MILLINOCKET, Maine — Construction on a multiuse recreational bridge over the Penobscot River in Township 3 Indian Purchase should begin within two weeks, officials said Wednesday.
MJM Construction of Millinocket won the $155,134 contract and specification package as prepared by Bridgham Engineering to build the bridge. The Town Council voted 6-0-1 to award the contract last week. Councilor David Cyr abstained.
“This is good news but it’s even better that it’s a local contractor,” Councilor Jimmy Busque said, noting that many town and Katahdin region residents will likely be employed by MJM or subcontractors.
The bridge will be used by hikers, snowmobilers, bicyclists and other outdoor enthusiasts, but it is crucial to efforts to build an ATV trail network in the Katahdin region, proponents said.
Officials, business owners and recreation enthusiasts from East Millinocket, Medway and Millinocket have long believed that all-terrain-vehicle use in the Katahdin region would inject millions into the regional economy during spring, summer and fall, much the way snowmobiling does during winter.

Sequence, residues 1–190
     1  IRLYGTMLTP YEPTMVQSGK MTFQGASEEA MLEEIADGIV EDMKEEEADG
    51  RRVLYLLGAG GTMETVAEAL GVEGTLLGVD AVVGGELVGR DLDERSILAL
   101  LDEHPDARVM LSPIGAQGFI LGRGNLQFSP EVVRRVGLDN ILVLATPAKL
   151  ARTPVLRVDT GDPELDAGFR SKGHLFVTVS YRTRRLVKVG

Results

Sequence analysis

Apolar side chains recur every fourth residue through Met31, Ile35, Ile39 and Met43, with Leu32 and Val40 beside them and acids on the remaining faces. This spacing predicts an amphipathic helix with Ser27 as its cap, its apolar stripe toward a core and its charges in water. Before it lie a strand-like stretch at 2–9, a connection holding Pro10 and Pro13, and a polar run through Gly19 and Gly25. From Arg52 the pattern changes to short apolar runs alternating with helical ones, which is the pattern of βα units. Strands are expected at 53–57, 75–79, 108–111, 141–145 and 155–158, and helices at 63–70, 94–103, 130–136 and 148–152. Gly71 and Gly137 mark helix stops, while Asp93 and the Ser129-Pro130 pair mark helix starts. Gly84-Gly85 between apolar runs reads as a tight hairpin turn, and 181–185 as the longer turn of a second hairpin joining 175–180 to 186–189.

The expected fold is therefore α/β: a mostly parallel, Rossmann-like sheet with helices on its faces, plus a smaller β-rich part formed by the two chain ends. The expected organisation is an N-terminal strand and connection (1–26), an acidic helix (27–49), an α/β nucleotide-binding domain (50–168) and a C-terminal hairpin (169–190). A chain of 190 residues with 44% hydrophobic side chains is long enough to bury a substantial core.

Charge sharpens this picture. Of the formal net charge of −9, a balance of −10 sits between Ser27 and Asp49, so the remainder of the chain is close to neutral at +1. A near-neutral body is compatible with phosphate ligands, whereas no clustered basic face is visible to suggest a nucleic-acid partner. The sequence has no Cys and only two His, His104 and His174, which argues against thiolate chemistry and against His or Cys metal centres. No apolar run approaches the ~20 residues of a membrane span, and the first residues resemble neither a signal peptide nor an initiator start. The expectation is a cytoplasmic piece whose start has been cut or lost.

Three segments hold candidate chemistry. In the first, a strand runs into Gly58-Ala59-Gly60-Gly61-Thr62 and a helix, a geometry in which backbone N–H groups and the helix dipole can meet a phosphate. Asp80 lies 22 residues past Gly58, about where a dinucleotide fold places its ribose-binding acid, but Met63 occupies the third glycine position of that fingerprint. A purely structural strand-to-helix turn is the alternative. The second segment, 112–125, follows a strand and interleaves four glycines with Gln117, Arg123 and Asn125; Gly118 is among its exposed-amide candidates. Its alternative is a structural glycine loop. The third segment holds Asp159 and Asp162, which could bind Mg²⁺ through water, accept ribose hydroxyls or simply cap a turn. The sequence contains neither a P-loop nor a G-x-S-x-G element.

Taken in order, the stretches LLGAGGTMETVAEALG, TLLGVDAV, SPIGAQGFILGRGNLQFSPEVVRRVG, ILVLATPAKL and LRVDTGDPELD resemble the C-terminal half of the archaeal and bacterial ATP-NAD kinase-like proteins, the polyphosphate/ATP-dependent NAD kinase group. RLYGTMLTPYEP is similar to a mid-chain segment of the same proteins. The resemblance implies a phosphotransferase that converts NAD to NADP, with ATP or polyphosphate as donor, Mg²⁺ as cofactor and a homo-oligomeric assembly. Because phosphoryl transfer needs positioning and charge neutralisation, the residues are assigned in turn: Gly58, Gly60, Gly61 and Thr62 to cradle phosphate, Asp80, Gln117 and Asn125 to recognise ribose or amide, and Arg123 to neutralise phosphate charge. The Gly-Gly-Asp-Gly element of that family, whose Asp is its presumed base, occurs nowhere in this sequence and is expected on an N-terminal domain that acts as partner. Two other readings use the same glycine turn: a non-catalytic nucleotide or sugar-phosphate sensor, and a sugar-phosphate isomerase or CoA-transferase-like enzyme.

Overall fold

Landowners have resisted allowing ATV trails through the region, saying the trails would damage sensitive lands needed for the state’s forest products industries while increasing insurance liability, vandalism and illegal dumping.
Town Councilor John Raymond, former Katahdin Area Chamber of Commerce President Brian Wiley, and resident Paul Sannicandro have been working for three years as volunteers to create a 35-mile multiuse trail for ATV riders, bicyclists, bird-watchers, campers, hikers, snowmobilers, and others.
They and a regional trails committee have elicited a nonbinding, written agreement from Katahdin Forest Management — one of the region’s largest landowners — allowing the first 13-mile leg of a proposed 23½-mile leg of what would be the region’s first ATV and multiuse trail to become operational by 2011, if all conditions are met.
The bridge is a key element to that trail. With a total bid of $155,134, MJM was the project’s lowest bidder of the seven companies that bid. It was also the only company to bid on the project’s three phases of work.